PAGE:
‘You adulteresses, do you not know that friendship with the world is hostility toward God?’
— James 4:4
In a most insightful blog in The Masculinist,1 author Aaron Renn takes up the issue of the American evangelical church and why we lack powerful impact in our culture. He writes of positive world Christianity, neutral world Christianity, and negative world Christianity. In the positive world of American Christianity, prior to 1994, the church was seen in a relatively positive light. To be a Christian then was to enhance one’s career or standing in the community. Christians were largely respected. To join an evangelical church or prominently to display a Bible on one’s desk was good for business.
The approach of church ministry then was to address the issues of the day in the church and world in a direct , sometimes highly combatative manner. It was during these years that the seeker sensitive approach to ministry (think Bill Hybels of Willow Creek Church) was embraced by so many, largely because there was a basic friendliness by the world toward Christianity.
Some of the major players in the days of the positive view of the church were Jerry Falwell and James Dobson. Both men spoke directly, boldly, and passionately about the moral and political issues of their day. When Colorado Senator, Gary Hart, running for the Democratic nomination for President in 1988, was reported by the Miami Herald of cavorting with a young woman named Donna Rice on a yacht, the outcry was so great that Hart was forced to drop out of the race.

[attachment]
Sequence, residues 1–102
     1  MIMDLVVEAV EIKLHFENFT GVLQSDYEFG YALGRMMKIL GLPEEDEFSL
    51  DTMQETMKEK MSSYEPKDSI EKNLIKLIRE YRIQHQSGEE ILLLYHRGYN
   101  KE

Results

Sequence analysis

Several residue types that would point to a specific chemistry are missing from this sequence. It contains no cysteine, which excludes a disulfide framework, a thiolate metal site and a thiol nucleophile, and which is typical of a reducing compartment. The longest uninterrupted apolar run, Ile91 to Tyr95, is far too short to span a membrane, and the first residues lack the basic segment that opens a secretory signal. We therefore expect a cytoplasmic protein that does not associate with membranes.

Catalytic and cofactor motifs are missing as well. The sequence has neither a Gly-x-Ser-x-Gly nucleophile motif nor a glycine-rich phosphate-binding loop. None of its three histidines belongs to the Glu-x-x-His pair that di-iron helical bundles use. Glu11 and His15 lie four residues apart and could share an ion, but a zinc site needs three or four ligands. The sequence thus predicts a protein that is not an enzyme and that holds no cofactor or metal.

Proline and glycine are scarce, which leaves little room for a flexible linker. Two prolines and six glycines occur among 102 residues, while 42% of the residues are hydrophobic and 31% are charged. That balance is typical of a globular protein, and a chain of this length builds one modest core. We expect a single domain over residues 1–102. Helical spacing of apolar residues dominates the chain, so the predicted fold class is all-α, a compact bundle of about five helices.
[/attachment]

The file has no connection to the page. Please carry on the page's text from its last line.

From 1994 to 2014, however, the American evangelical church was viewed in a neutral light. To be a Christian was more of a neutral attribute. It may not help your career but it certainly wouldn’t hurt it either. The neutral world of Christianity gave rise to urban church types, what we might call hipsters. They said that they were apolitical but most leaned left in their political viewpoint. These pastors and churches sought to avoid highlighting any social or political issue which would bring Christianity into conflict with the world Consequently most of these pastors had no trouble championing opposition to racism and bigotry or sex trafficking, but were reluctant to speak on the horrors of abortion. Renn observes that Tim Keller of Redeemer Presbyterian Church, Manhattan, perfectly fits this description.
From 2014 to the present, however, a new view of the church has arisen. We now find ourselves in a negative view of Christianity. Being a Christian today, especially in larger, more hip cities, is usually a huge social negative. Try expressing your opposition to same sex unions in the board room and see where that takes you. While being a Christian in the positive church era was an enhancement of one’s career; and while being a Christian in a neutral view of the church may not help someone, it certainly would not hurt him either; we now have the negative view of the church where people openly and violently reject Biblical views on marriage, child rearing, business, law, economics, and politics.